Jo, You can tell that you are clearly not an experienced parent of a pet or human, or at least I hope not. It is NEVER ok to medicate children so that they will sleep. Children sleep worse when they are overtired as well. Parents just need to plan ahead and teach your children to be well behaved. Adults complain like babies, but use their voices instead. If you dislike it so much, use noise canceling air phones. If the kids are really naughty, address the parent in a calm, respectful manner and tell the attendant. Chances are the parent is petrified that their kids are being obnoxious.

  25. Cheryl says:

    We fly a lot, just as likely to get a stinker – cigarettes, bad breath, BO, etc. – as a fussy child. None of them are pleasant and I can only hope they are on a short flight. The poor parents stressing over how to quiet them have my sympathy Bit I think can make it even worse.
    The obnoxious little kid with the parents ignoring him throwing stuff over the seat, running up & down the aisles swatting people
    papers & books after numerous requests from the attendants to sit him down, kicking my seat and leaning forward and screaming through the gap in the seats – also was the one riding the luggage carousel on other people’s bags – is a whole other story. I think that whole family needs to be grounded for life at the very least. Thank god only a 2 hour flight.

  26. Duncan Faber says:

    For me, the secret to traveling with my little girl is to always pack an extra pair of leggings in my carry on. That way if she spills something on her pants, or gets cold, it’s easy for her to slip them on. Plus, they pack really small! My daughter’s favorite brand is http://www.twirlygirlshop.com/girls-capri-leggings but obviously there are lots of places to get them.

  27. lol says:

    I have just as much right to be on the plane with my kids noisey or not as you. Don’t like restless kids on planes then don’t fly!

    • Tracy says:

      Yes you do, but it does not give you the right to allow your child to act anyway they want. Which from the sound of your message, you do. Whether you have manners or not, it’s your responsibility to teach your children how to act in public. If you are not capable, have someone else do it. I don’t think most of us are talking about noisy kids, but the ones that are out of control and have no manners, i.e. kicking the seat back, throwing temper tantrum, running up and down the isles and bothering other passangers with the parents not doing anything about it.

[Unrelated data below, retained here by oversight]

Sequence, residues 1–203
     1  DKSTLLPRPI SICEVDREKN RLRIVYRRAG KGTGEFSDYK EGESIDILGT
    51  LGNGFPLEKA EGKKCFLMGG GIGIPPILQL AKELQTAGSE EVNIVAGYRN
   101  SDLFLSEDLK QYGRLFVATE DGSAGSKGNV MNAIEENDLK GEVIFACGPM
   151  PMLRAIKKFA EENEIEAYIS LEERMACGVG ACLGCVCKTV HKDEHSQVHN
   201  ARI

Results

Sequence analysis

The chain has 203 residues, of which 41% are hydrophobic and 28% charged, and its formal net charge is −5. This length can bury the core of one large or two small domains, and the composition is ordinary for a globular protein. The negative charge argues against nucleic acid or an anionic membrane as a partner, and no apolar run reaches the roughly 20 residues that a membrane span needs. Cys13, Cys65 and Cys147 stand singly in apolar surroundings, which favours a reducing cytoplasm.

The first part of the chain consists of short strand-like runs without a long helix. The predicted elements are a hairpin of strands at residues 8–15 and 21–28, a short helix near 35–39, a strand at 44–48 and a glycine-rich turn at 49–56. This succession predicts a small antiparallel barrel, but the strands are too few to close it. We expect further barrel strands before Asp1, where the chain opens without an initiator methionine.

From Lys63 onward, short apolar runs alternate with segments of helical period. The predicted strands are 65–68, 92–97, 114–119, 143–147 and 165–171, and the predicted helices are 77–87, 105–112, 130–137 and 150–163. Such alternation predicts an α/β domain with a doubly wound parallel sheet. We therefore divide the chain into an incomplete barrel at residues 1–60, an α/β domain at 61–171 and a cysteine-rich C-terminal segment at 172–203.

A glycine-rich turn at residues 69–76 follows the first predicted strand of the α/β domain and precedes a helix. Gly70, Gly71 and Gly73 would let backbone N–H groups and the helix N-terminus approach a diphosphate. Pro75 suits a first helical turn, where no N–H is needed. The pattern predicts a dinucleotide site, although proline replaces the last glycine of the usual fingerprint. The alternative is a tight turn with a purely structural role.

• kasia says:

      Yup, and I have every right to get drunk, act obnoxious and then barf on your kids’ heads. Don’t like it, don’t travel with them :)

    • Fun Times with Babies says:

      “I have just as much right to be in buildings, parks and public spaces as you. Don’t like my cigarette smoke then don’t go into buildings, parks and public spaces”

      Response: LOL – then we systematically took away every single right they had. And here you are with the exact same argument as the smokers. Your tears will taste oh so sweet.

  28. lol says:

    Now this is a statement I can agree with.

  29. Mary Foley says:

    So many of the folks complaining about children act as though kids are the ONLY aggregating part of travel. There are so many irritating people and procedures about traveling–why pick on the kids? They’re no worse than the overly chatty seatmate, or the armrest hog, the overhead hog, etc. Just take a,deep breath, smile at everybody and it’ll be over soon.

  30. Elaine Taylor says:

    Actually they have every right to being their child on the plane, whether you like it or not. Deal with it, or don’t. If you choose ‘don’t’ all you will do is make people more unhappy, including you. So long as they are paying safety rules and not dangerous, they have a much right to be there as you do. Suck it up.

    • Gary says:

      Wish we could strike a deal–I’ll put up with the unsupervised rowdy child if I’m allowed to smoke cigarettes on the flight. Seriously, though, please try to understand that not everyone adores babies and children. Thanks :)

  31. Susan E says:

    I am a grandmother and not bothered by the children. Instead, I feel for the parents as I know I would have felt embarrassed if I were in those circumstances. If the crying,etc. does bother me I put on the headphones and watch a movie, or just leave them on and Read. Susan ECPT